EIA Reports Natural Gas Inventories Decline 53 Bcf, Prices Test Support

The latest Energy Information Administration (EIA) natural gas storage data recorded a draw of 53 Billion Cubic feet (Bcf) for the week ending March 10th.

This was lower than the draw of 68 Bcf recorded last week and also below market expectations of a draw of around 60 Bcf.

Stocks are now 9.5% below the year-ago figure, but 21.4% above the five-year average from the 18.8% recorded last week.

Only the Pacific region has stocks below the 5-year average with stocks in the Midwest 35.5% above the average.

On seasonal grounds, there should be a relatively close balance in inventories over the next few weeks with net weather conditions cold enough to prevent a significant increase in stocks, but not cold enough to trigger a substantial draw. Any further winter storms could have an important impact in supporting prices in the short term.

Natural gas prices took advantage of a weaker dollar following Wednesday’s Federal Reserve rate decision with the overall tone less hawkish than expected pushing the US currency weaker and providing wider support across the energy and commodity sectors.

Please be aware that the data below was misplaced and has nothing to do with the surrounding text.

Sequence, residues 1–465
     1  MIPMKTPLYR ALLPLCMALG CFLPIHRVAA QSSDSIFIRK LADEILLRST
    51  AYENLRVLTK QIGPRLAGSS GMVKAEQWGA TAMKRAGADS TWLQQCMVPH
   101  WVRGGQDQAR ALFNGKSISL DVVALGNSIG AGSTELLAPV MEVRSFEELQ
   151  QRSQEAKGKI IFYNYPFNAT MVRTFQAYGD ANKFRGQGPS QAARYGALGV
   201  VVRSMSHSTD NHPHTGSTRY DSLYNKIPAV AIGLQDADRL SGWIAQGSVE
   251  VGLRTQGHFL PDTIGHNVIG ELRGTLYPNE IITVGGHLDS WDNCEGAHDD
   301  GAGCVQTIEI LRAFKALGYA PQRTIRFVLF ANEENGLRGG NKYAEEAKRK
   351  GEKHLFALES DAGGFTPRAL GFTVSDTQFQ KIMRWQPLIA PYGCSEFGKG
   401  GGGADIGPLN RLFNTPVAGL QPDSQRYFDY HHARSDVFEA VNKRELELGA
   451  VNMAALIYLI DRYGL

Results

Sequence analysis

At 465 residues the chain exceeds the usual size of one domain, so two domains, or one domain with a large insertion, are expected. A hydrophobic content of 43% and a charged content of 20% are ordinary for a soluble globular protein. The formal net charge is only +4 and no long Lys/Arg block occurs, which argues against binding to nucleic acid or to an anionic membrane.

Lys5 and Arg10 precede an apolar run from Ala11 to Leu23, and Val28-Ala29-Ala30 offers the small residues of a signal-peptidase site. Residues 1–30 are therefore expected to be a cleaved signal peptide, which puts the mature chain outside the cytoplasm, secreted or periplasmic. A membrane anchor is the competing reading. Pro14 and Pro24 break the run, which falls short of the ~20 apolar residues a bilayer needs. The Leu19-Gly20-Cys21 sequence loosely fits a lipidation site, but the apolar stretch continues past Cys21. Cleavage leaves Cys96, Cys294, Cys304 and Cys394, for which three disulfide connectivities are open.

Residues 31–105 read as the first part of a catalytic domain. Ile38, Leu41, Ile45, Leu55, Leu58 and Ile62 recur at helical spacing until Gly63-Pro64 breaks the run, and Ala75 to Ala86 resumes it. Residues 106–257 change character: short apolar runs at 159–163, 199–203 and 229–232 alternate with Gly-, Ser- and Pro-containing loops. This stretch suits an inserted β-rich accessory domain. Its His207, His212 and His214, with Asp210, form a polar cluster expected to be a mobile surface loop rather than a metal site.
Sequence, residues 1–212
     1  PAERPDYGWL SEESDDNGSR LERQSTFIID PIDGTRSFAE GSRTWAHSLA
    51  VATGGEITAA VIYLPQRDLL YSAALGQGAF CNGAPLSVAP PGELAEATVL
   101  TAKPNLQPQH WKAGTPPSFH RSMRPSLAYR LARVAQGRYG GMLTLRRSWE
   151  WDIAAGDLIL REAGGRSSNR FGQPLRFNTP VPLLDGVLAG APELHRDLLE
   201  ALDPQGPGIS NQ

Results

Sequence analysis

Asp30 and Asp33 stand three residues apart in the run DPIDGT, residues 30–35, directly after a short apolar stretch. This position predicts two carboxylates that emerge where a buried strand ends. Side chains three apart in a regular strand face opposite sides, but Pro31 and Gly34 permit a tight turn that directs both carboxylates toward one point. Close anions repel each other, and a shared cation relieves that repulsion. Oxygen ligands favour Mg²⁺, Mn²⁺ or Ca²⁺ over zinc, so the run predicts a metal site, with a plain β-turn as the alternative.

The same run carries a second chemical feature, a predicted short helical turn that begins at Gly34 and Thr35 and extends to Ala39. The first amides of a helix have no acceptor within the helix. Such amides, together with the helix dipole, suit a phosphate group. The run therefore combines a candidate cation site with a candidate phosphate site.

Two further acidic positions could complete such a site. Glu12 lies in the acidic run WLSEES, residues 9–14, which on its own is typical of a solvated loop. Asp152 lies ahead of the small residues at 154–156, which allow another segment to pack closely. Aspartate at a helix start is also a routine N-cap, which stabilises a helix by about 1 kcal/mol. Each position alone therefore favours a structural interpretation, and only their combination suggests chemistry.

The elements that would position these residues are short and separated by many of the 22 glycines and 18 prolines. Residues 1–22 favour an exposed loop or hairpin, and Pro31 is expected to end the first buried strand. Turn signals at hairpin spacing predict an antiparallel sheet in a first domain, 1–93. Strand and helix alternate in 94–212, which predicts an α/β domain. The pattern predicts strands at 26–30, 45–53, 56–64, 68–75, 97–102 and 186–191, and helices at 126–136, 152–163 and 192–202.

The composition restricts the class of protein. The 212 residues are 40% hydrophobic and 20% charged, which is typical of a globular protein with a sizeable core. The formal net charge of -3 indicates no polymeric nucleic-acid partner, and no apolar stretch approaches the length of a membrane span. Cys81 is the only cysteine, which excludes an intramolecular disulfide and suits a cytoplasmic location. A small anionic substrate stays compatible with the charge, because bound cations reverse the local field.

Prices, however, hit further resistance close to the $3.00 per mBtu level, failing to break higher after a brief move above this level earlier in the day.

There was a significantly weaker trend on Thursday with overall weather conditions not seen as a cold enough to support the overall demand/supply balance sufficiently to raise prices. Crude oil prices were unchanged on the day and commodity prices overall remain higher, but natural gas was unable to take advantage.

Overall, natural gas declined to lows at $2.90 per mBtu before consolidating around $2.92.

Prices dipped lower following the storage data with a dip to below the $2.90 level, although prices did find some support below this level.

Tim is a contributing author to EconomicCalendar.com. He is an economist and has been involved in financial markets for over 20 years as an analyst. He specialises in global economic trends, macro policy and central banks. Extensive knowledge, experience and data mining is used to anticipate trends in equities, bonds and forex with a contrarian slant. He is a graduate of the University of York with a degree in Economics/Econometrics.